Microsoft has released updates to address vulnerabilities in Microsoft software. A remote attacker could exploit some of these vulnerabilities to take control of a system.
Mozilla has released security updates to address multiple vulnerabilities in Firefox and Firefox ESR. A remote attacker could exploit some of these vulnerabilities to take control of an affected system.
Adobe has released security updates to address vulnerabilities in Adobe Flash Player, Shockwave Player, Captivate, and Digital Editions. A remote attacker could exploit some of these vulnerabilities to take control of an affected system.
On Tuesday, Microsoft took the highly unusual step of issuing security patches for XP and other unsupported versions of Windows. The company did this in a bid to protect the OSes against a series of "destructive" exploits developed by, and later stolen from, the National Security Agency.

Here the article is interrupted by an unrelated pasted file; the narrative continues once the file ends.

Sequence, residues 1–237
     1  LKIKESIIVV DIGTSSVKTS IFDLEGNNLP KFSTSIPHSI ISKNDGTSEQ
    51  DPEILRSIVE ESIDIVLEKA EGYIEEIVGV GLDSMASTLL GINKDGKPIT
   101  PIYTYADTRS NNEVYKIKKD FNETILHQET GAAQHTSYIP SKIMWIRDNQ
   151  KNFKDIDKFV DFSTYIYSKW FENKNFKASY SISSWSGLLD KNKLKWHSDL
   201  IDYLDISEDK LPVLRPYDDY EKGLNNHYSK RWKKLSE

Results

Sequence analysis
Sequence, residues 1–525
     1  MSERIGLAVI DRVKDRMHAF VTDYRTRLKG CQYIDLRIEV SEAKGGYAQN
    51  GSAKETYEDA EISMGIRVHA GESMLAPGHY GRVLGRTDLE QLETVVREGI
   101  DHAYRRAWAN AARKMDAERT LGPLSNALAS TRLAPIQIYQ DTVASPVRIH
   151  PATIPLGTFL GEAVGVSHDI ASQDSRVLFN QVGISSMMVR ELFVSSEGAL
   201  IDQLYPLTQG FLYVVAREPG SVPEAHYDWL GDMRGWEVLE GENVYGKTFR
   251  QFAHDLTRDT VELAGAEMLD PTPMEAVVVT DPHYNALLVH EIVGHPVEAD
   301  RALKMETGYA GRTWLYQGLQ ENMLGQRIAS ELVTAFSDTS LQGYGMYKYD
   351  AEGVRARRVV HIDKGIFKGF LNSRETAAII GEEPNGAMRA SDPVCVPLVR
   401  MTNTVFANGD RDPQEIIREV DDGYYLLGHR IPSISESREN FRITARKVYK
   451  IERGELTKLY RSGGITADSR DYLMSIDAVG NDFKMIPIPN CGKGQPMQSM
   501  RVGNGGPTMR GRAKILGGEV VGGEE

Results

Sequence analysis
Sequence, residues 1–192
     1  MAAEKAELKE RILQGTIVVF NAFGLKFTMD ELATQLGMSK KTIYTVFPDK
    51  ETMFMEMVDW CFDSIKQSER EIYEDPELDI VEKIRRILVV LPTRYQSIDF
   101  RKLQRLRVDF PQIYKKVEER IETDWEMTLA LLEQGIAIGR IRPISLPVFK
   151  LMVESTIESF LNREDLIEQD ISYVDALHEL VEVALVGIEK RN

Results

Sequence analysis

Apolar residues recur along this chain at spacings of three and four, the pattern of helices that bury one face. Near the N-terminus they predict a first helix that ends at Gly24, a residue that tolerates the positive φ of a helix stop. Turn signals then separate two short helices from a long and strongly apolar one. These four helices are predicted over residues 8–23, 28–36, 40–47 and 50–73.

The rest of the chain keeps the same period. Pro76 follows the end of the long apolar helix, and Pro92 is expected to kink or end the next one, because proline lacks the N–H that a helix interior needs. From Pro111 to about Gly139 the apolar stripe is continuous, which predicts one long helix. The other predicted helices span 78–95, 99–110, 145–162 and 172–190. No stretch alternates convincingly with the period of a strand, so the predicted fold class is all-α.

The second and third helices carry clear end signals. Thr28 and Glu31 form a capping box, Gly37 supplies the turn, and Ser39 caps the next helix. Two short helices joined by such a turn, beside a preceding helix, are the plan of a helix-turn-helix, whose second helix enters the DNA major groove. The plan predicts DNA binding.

By Ars' count, Tuesday is only the third time in Microsoft history that the company has issued free security updates for a decommissioned product. One of those came one day after last month's outbreak of the highly virulent "WCry" ransom worm, which repurposed NSA-developed exploits. The exploits were leaked by the Shadow Brokers, a mysterious group that somehow got hold of weaponized NSA hacking tools. (WCry is also known as "WannaCry" and "WannaCrypt.")
Tuesday's updates, this updated Microsoft post shows, include fixes for three other exploits that were also released by the Shadow Brokers. A Microsoft blog post announcing the move said the patches were prompted by an "elevated risk of destructive cyberattacks" by government organizations.